Iowa women's basketball: Megan Gustafson, No. 16 Hawkeyes grind past IUPUI
IOWA CITY, Ia. — Call it a Cy-Hawk hangover, call it an impressive underdog showing. Whatever the case, No. 16 Iowa was in a legit dogfight Saturday afternoon.
As they did against Robert Morris in a similar spot last weekend, the Hawkeyes put their foot down with a strong fourth quarter to avoid a disastrous upset. A 72-58 Iowa win at Carver-Hawkeye Arena was the final tally, but Lisa Bluder’s squad didn’t look smooth until the end.
"We knew this was going to be a hard-fought game," Bluder said. "You look at IUPUI — 29 RPI, 6-2 (record coming in), beat Mississippi at Mississippi, have wins over VCU, took overtime for Wisconsin to win. So we knew that they were a good team coming in. Sometimes, you have that emotional letdown after the great victory on Wednesday night at Iowa State."
The Hawkeyes (7-2) entered averaging nearly 86 points per game, but they didn’t come close to touching that total in their third-lowest output this season.
Treys didn’t fall. Assists didn’t pile up like they usually do to offset the turnovers. And Iowa found itself in a two-point game heading to the fourth. The Jaguars (6-3) actually led for most of the third.
When in doubt, go to the all-American. That’s the luxury Iowa has when not much else is clicking.
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Megan Gustafson finished with a game-high 32 points on 12-for-17 shooting, consistently fighting through double teams like usual to grind out a win. She poured in 16 of Iowa’s 24 fourth-quarter points — during one stretch scoring seven straight.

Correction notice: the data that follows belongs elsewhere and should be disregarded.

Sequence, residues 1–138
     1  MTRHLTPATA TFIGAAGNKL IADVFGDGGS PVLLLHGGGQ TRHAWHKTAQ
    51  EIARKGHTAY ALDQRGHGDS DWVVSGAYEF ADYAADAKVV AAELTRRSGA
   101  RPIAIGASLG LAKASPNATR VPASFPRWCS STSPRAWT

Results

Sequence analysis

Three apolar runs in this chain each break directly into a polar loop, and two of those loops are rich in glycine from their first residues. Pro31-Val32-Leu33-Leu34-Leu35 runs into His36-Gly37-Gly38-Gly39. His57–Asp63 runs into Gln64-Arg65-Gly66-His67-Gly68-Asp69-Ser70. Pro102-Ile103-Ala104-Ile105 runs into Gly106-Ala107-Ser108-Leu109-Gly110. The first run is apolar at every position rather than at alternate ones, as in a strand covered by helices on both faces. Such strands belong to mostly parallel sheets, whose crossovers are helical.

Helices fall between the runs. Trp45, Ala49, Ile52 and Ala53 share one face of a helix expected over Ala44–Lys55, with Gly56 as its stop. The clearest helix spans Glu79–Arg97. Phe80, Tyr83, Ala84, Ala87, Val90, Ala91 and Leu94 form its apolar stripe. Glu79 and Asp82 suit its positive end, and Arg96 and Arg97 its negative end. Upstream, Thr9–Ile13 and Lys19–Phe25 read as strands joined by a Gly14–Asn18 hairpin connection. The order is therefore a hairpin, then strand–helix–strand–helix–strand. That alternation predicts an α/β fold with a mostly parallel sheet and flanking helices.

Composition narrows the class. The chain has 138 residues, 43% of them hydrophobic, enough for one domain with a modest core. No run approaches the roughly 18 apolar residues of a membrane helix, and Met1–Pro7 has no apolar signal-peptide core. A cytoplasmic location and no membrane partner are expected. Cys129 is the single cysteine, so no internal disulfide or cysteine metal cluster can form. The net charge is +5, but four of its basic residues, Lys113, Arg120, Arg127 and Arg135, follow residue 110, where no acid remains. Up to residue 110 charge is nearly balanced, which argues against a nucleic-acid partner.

"There's a lot of trust and confidence that goes into that," said Gustafson, who became just the third player in program history to score 2,000 career points. "Going into that fourth quarter, I knew that we needed to pull away. So I just took it upon myself to get myself in the best position to score."
The Hawkeyes’ consistency has been up and down so far through this nonconference stretch, but it hasn’t really cost Iowa much in the loss column.
Good teams can push through adversity and avoid disaster, even on off nights. Give the Hawkeyes credit for doing that.
"I feel like that's when you learn the most," Amanda Ollinger said, "when things aren't going right — we're not hitting our shots and turning the ball over. It's so much better to have those games early on than when you start Big Ten season and go to the tournament.
"We'd much rather have those mistakes now so we can fix those mistakes, learn from them, grow from them and just overall become a better team because of those grind sessions and bad plays."
Dargan Southard covers Iowa and UNI athletics, recruiting and preps for the Des Moines Register, HawkCentral.com and the Iowa City Press-Citizen. Email him at email@example.com or follow him on Twitter at @Dargan_Southard.